The Routledge Handbook of Infrastructure Design explores the multifaceted nature of infrastructure through the global lens of architectural history. Infrastructure holds the world together. Yet even as it connects some people, it divides others, sorting access and connectivity through varied social categories such as class, race, gender, and citizenship. This collection examines themes across broad spans of time, raises questions of linkage and scale, investigates infrastructure as phenomenon and affect, and traces the interrelation of aesthetics, technology, and power.
With a diverse range of contributions from 33 scholars, this volume presents new research from regions including South and East Asia, Sub-Saharan Africa, South America, North America, Western Europe, the Middle East, and the former Soviet Union. This extraordinary group of authors bring close attention to the materials, functions, and aesthetics of infrastructure systems as these unfold within their cultural and political contexts. They provide not only new knowledge of specific artifacts, such as the Valens Aqueduct, the Hong Kong waterfront, and the Pan-American Highway, but also new ways of conceptualizing, studying, and understanding infrastructure as a worlding process.
The Routledge Handbook of Infrastructure Design provides richly textured, thoroughly evidenced, and imaginatively drawn arguments that deepen our understanding of the role of infrastructure in creating the world in which we live. It is a must-read for academics and students.
Table of Contents
Infrastructure Designs: Dreaming and Building Worlds Part 1 Materialities 1 Kingship and the Rocks: Infrastructure and the Materiality of Empire 2 In Between Technology and Architecture: Claude-Nicolas Ledoux and the French Royal Saline 3 Cement as Weapon: Meta-Infrastructure in the "World’s Last Cement Frontier" 4 Notes from the Underworld: Excavation as Architectural Counter-History Part 2 Embodiments 5 Virtual Gardens: Gendered Space in the History of Afghanistan’s Telecommunications 6 Mobilizing Labor for Infrastructure in Northeast Brazil, 1915–1932 7 Everyday Living in Cairo’s City of the Dead Part 3 Natures 8 Dams, Lakes, and Water Sports: Building a Hybrid Landscape in Belgium’s Eau d’Heure Valley, 1933–1987 9 Pedagogic Landscapes: Recreation, Play, and Danish Infrastructure Design 10 A Vast Demographic Void: Infrastructure, Ecology, and the Amazon Part 4 Flows 11 Visualizing the Valens Aqueduct in Early Modern Istanbul 12 The Airport Terminal: Circulation and Soft Power 13 The Porous Infrastructures of Somali Malls in Cape Town Part 5 City Making 14 Bridging the Bosporus: Mobility, Geopolitics, and Urban Imaginary in Istanbul, 1933–1973 15 Brasilia, a Story Seen from the Roadside: Narratives of Landscape Transformation and the Technological Sublime 16 More than a "Circulation Machine": Recasting the Geographies of Infrastructure in Modernist Urbanism 17 Infrastructure as a Political Tool of Regime Legitimization in Doha, Qatar Part 6 The Long Road 18 The Global Spread of Street Pavement Materials and Technology, 1820–1920 19 Parallel Lines: Urban Expressways in the United States 20 Good Neighbors and Automovilistas: Imaginaries of Hemispheric Travel along the Pan-American Highway, 1936–1942 Part 7 Power Fields 21 Nuclear Power Stations in Post-War Britain: Picturesque Landscapes for the Masses 22 TVA in the Desert: U.S. Development Projects in the Hashemite Kingdom of Jordan, 1951–1961 23 Shaped from Above: Cartographic Domination and U.S. Military Infrastructure in 1950s Spain Part 8 Liquid Worlds 24 Water and Infrastructure in Late Colonial Guanajuato 25 Land Reclamation in the Making of Hong Kong 26 Bombay/Mumbai Waterfronts in the Hindi Film Deewaar [The Wall] (1975)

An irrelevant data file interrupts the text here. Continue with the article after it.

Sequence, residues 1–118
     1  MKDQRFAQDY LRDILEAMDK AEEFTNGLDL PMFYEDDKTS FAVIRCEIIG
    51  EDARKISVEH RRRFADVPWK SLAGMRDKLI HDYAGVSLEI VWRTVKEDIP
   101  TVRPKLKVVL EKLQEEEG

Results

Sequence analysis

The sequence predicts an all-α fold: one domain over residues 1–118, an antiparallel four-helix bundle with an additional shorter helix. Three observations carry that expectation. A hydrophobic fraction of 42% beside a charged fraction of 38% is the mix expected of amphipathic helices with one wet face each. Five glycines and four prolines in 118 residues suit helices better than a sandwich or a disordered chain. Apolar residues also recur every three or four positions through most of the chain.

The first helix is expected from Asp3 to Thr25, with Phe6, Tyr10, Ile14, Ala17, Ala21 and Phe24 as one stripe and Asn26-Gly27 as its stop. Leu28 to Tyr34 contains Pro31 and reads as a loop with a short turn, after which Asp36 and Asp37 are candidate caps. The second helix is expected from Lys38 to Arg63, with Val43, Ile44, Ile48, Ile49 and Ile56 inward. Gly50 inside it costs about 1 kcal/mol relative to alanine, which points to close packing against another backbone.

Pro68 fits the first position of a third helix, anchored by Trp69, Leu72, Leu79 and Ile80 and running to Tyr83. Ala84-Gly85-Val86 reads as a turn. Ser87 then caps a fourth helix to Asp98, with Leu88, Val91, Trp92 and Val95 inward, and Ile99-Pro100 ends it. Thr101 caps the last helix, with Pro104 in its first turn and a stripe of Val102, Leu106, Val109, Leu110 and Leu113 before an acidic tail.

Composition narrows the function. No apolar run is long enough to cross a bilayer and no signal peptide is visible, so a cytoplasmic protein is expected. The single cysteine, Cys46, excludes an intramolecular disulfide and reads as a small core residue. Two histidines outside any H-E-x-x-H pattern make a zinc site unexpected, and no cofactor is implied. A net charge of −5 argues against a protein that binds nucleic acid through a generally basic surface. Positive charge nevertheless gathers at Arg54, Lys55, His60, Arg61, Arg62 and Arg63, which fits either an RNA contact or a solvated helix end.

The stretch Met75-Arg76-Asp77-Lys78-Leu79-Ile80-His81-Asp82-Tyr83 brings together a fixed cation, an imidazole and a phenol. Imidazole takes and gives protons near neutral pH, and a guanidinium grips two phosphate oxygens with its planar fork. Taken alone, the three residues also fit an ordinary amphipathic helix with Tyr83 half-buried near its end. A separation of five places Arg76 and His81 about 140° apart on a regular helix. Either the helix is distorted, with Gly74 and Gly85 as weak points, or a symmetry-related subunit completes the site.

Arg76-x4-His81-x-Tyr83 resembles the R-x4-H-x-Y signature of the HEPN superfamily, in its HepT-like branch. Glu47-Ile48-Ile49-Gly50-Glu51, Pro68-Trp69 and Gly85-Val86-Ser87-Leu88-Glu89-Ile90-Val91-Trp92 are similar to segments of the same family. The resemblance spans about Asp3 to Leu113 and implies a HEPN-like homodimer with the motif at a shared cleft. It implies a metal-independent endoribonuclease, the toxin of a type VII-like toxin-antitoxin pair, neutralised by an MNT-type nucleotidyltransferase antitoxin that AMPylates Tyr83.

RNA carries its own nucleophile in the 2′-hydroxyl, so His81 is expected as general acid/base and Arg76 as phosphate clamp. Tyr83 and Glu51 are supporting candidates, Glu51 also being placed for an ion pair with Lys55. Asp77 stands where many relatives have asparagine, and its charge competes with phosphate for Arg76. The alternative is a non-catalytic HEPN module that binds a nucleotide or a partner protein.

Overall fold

Joseph Heathcott is Chair of Urban and Environmental Studies at The New School in New York. He has held visiting positions at Princeton University School of Architecture, the London School of Economics, the University of Vienna, and Sciences Po, Paris. His most recent book is Capturing the City: Photographs from the Streets of St. Louis (2016).